How CCT Has Evolved Over the Years to Protect Your Business
It’s amazing to think how far closed-circuit television (CCTV) technology has progressed in what has been a remarkably short history to date; indeed, the first CCTV camera only saw use in the 1940s. That’s quite a contrast with the situation in 2020 when there were estimated to be as many as 5.2 million CCTV cameras in use in the UK – one for every 13 people.
Most of us in the 21st century are accustomed to the idea that we are likely to be captured by multiple CCTV cameras each day as we simply go about our business.
Contrary to the dystopian image of mass government surveillance that many people may have feared when CCTV cameras first began to gain popularity, it is thought that less than 4% of the UK’s total CCTV cameras today are Government-controlled. The rest are used by private businesses and homeowners to help protect their property.
But how did the CCTV camera systems that we are now familiar with come to be? And what were the key milestones in the development of this tech that many of us now consider crucial for our security and peace of mind?
From wartime origins to widespread civilian use
As is the case for so many technologies that we today take for granted, it was essentially wartime conditions that accelerated the development of the CCTV camera. The first known CCTV system was designed and installed by the German electrical engineer Walter Bruch, whose invention was used to observe rocket launches.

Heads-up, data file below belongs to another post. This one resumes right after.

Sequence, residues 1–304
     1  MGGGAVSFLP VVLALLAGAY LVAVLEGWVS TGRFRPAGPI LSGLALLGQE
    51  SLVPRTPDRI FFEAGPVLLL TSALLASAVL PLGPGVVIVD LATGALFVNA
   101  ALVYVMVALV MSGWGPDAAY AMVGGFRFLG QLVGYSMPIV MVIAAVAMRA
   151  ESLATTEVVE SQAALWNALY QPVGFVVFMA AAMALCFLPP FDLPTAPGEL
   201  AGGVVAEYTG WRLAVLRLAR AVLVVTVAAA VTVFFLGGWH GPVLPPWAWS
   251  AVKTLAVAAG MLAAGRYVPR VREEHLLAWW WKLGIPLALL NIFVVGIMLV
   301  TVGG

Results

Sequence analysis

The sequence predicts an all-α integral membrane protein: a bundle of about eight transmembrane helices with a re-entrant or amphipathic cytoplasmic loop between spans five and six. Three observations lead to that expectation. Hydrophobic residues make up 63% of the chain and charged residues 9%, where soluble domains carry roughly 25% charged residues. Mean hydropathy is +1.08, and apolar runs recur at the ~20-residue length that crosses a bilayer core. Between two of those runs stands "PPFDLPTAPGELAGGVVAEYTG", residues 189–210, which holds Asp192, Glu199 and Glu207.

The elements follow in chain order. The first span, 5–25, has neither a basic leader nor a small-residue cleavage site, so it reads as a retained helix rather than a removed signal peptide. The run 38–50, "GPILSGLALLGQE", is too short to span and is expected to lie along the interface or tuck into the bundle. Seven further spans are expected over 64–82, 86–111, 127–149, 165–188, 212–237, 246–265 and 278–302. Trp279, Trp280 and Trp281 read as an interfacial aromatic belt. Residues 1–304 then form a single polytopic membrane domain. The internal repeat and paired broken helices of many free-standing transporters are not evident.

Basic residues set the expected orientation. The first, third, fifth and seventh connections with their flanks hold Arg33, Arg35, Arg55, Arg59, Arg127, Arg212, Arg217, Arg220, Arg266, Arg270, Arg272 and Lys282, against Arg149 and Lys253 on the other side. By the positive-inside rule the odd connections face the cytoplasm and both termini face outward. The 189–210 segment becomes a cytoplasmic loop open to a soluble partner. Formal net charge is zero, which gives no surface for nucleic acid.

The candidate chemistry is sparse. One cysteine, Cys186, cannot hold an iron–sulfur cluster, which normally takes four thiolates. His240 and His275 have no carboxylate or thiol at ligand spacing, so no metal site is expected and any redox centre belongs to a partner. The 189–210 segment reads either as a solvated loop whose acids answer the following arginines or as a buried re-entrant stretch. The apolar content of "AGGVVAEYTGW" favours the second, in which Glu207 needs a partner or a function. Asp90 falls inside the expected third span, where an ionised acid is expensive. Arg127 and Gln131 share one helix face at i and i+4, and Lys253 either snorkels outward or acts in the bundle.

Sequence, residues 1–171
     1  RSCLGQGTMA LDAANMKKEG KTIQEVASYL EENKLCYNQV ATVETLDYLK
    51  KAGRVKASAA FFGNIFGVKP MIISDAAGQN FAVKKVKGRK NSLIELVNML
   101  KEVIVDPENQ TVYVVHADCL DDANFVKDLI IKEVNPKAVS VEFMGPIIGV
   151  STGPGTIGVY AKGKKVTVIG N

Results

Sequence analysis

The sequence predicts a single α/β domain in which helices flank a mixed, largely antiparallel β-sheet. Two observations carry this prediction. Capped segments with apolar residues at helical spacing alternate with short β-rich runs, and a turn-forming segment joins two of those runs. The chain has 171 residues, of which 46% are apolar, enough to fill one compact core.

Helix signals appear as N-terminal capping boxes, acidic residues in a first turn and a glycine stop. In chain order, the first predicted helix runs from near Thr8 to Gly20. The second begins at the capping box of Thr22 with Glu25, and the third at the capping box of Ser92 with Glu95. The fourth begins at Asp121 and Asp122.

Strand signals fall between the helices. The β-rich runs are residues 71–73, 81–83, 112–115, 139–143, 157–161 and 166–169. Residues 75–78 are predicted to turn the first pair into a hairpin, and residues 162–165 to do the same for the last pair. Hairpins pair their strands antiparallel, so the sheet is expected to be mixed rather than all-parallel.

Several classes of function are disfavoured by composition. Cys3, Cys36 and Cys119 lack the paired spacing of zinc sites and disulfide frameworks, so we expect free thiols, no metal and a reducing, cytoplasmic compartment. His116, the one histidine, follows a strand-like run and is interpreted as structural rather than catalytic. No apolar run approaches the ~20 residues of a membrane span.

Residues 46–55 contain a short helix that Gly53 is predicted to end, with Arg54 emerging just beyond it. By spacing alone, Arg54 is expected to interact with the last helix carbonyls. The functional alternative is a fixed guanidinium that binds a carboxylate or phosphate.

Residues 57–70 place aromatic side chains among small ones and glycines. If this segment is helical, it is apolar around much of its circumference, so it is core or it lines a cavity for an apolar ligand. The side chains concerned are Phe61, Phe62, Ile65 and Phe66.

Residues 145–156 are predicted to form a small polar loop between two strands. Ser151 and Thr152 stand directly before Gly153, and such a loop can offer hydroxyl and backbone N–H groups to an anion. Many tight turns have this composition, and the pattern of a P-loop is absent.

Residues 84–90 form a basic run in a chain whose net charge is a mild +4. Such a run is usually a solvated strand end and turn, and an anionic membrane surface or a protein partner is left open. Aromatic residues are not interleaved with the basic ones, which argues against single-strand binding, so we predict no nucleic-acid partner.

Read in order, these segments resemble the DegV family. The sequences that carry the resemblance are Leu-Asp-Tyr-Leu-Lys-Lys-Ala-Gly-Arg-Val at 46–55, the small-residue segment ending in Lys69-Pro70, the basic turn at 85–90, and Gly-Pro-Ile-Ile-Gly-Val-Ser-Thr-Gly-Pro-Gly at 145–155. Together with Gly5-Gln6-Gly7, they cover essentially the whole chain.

Only after World War II, in 1949, was the first commercial CCTV system made available, by a US company. At this stage, however, there was no ability to record the footage observable through a CCTV camera, so these systems were simply used for live monitoring.
Still, the pioneering developments came thick and fast after that. In 1960, CCTV systems began to be used in the UK, and by the later 1960s and 1970s, the emerging video cassette recording (VCR) technology was starting to upend what CCTV could do.
VCR tech was relatively cheap to buy and run, and brought considerable convenience to CCTV users, compared to what they had been forced to deal with previously. It did, however, still have some notable downsides, such as the finite capacity of VCR tapes and the need to change them regularly.
The 1980s onwards: the normalisation of CCTV
In 1985, the UK’s first outdoor CCTV system was installed, in the beautiful seaside town of Bournemouth – and from then on, CCTV cameras came to be widely used in towns, cities, and all manner of other settings across the globe.
Another major development came in the 1990s, in the form of multiplexing solutions, which allowed for the feeding of signals from multiple CCTV cameras to one monitor. This was a godsend for many larger organisations that wished to keep an eye on several areas simultaneously and cost-effectively.
The early 2000s, meanwhile, saw digital technology become mainstream, leading to VCRs being replaced with digital video recorders (VCRs) that offered much-improved storage capacity, speed and image quality.
Today, CCTV systems have never been so affordable or refined
Fast-forward to the 2020s, and CCTV systems are becoming more sophisticated and attainable than ever. Many homeowners are now arranging the installation at their properties of solutions that would have seemed outlandishly advanced to the large business users of just a few decades ago.
One major advance in recent years, for example, has been the rise of ‘smart’ technology that allows users to view live CCTV images and footage via a PC or smartphone, even if they are nowhere near the physical premises where the CCTV is installed. This is just one possibility when you turn to Firstford Ltd for your CCTV security system.
Would you like to learn more about the kind of CCTV system we could help set up at your residential or commercial property? If so, our team would be delighted to hear from you via phone or email.
This article has been published in accordance with Socialnomics’ disclosure policy.